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Brisket vs. Corned Beef – What’s the difference?

Is brisket the same as corned beef? Can you substitute corned beef for brisket in a recipe? Does brisket taste like corned beef? We have all the answers to your brisket vs corned beef questions!

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Image with text overlay: brisket vs corned beef.
Brisket vs. corned beef.

What is the difference between brisket and corned beef?

The main differences between brisket and corned beef are the cut, and the preparation.

Brisket vs corned beef cut

Brisket is a cut of beef from the lower breast-bone, just below the chuck. It may be sold as whole brisket, but is commonly cut and sold as two different types: flat-cut (or first cut), and brisket point end (or second cut).

Corned beef is usually made from brisket, but may also be made from round or silverside.

Corned beef is typically made of the tougher end of the brisket that does an excellent job of absorbing flavor from spices and cooking methods. The point end of the brisket is usually considered the tastiest cut

Brisket vs corned beef preparation

Brisket is sold as an uncooked cut of beef, like a beef roast. It has to be cooked before consumption.

Corned beef is has been cured in seasoned brine, or cooked and canned.

Corned beef is traditionally made by pickling beef brisket in a brine of salt, water, brown sugar, and spices. Corned beef may be prepared on its own or used as an ingredient in another recipe.

Corned beef can be purchased ready to eat from delicatessens, but may also be used as an ingredient in recipes, such as the Irish-American dish corned beef and cabbage.

It is often sold precooked, but if purchased raw then it will still need to be cooked before consumption. It is best cooked slowly over low, moist heat. You can cook it in a pressure cooker for a quicker option.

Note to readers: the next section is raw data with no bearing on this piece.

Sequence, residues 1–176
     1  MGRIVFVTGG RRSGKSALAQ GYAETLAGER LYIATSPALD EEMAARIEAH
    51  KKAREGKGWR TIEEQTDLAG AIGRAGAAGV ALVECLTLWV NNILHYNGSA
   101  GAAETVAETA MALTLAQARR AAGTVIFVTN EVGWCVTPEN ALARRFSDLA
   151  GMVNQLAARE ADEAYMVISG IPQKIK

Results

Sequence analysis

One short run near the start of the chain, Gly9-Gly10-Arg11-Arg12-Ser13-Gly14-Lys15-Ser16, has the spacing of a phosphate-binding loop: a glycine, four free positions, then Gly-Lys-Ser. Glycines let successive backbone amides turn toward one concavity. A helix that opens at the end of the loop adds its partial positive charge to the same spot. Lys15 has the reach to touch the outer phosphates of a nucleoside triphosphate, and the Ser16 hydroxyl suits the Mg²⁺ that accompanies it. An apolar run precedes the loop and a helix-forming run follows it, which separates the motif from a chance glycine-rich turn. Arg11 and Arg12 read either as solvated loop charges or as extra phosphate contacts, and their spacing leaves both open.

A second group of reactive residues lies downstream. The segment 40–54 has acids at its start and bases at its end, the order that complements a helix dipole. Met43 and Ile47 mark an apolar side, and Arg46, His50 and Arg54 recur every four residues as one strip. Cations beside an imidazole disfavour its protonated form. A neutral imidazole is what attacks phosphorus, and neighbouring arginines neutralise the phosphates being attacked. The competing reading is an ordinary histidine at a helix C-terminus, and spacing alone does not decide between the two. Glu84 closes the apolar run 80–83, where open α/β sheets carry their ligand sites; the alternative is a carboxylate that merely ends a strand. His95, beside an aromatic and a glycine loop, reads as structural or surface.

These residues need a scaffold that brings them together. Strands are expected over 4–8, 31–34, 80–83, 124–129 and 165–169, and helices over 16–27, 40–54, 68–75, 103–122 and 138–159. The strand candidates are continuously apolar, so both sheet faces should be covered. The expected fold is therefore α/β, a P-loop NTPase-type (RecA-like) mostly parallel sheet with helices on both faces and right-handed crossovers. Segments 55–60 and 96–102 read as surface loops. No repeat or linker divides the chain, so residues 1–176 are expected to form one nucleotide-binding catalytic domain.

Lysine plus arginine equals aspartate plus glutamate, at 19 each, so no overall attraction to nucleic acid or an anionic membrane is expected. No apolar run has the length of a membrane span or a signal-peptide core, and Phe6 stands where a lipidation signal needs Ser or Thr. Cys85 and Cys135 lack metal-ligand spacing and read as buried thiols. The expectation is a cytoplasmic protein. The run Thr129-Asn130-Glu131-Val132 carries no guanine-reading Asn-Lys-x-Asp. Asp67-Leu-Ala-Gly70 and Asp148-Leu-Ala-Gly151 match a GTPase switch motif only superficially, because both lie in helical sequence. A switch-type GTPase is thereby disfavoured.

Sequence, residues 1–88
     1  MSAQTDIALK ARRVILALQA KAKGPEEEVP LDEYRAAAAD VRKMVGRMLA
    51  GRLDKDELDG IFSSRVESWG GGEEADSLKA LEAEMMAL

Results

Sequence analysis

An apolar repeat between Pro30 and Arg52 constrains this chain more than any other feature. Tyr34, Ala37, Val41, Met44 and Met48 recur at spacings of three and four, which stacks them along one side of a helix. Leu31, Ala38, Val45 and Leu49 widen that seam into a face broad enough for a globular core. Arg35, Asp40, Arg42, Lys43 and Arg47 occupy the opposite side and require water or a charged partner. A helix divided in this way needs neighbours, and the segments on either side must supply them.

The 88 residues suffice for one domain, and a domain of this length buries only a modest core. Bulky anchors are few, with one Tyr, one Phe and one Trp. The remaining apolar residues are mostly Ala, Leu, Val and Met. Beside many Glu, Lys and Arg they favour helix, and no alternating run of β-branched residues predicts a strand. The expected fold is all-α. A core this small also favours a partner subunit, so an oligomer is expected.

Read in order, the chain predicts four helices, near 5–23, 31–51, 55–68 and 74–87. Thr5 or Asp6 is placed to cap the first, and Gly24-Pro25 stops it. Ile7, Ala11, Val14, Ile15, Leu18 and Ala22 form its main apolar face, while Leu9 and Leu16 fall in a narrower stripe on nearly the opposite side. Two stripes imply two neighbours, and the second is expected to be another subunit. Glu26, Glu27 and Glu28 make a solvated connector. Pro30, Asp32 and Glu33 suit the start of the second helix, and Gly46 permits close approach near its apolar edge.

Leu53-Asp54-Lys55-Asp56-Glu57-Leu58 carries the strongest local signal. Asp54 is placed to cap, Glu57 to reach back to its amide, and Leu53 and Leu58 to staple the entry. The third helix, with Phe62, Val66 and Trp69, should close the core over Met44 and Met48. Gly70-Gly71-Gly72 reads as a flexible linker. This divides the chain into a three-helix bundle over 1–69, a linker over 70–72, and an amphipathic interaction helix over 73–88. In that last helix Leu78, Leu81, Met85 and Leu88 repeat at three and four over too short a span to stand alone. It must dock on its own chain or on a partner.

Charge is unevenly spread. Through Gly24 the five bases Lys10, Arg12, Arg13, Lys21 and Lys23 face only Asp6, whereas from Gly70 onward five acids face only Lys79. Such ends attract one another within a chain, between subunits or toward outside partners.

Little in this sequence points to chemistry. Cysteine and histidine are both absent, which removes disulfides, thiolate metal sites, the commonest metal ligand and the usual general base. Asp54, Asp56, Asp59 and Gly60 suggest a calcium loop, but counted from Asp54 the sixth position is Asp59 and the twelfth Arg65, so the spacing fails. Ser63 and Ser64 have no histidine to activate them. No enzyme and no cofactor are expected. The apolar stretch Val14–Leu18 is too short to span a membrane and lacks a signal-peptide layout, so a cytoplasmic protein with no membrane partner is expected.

Can you substitute corned beef for brisket in a recipe?

What do you do if your recipe calls for beef brisket, but you can only find corned beef brisket? Corned beef brisket is almost always available at my local grocery store, but beef brisket is often hard to find.

So can you substitute corned beef for beef brisket in a recipe?

Really that depends on the recipe. Corned beef is much saltier than uncured beef brisket, and has had other flavorings added which means that the flavor of the recipe will be affected by using corned beef.

This may or may not work depending on the recipe. If you are going to smoke it on a wood grill then it is probably fine (smoked corned beef = pastrami), but if you are making a roasted beef brisket with a herb rub designed to bring out the natural flavors of the beef then it is probably not going to work out so well. Try substituting another economical cut of beef like chuck roast or short rib instead.

If you have bought corned beef and just discovered that your recipe required beef brisket, you can try soaking the beef for 6 or more hours in clean water (change the water a few times), to try and draw out some of the extra salt and spices. Then reduce the amount of salt to be added in the recipe.

Note that you cannot make this swap the other way round (using beef brisket in a recipe that calls for corned beef), as the corned beef has been cured, so the cooking times do not need to be as long for cooking beef brisket from raw.

Does brisket taste like corned beef?

The question of whether brisket tastes like corned beef depends on how it has been prepared. Generally, brisket will not taste like corned beef unless it has been prepared as corned beef.

Corned beef brisket is saltier, and has a spicy flavor similar to that of a hot dog.

Brisket has a full beefy flavor, and because beef brisket is a fatty cut of meat it takes on the flavors of whatever it is cooked with. A smoked brisket tastes smoky, while a braised brisket has a rich beefy flavor. If you are cooking choose a recipe that has a tasty marinade or rub to complement the beefiness of this cut.

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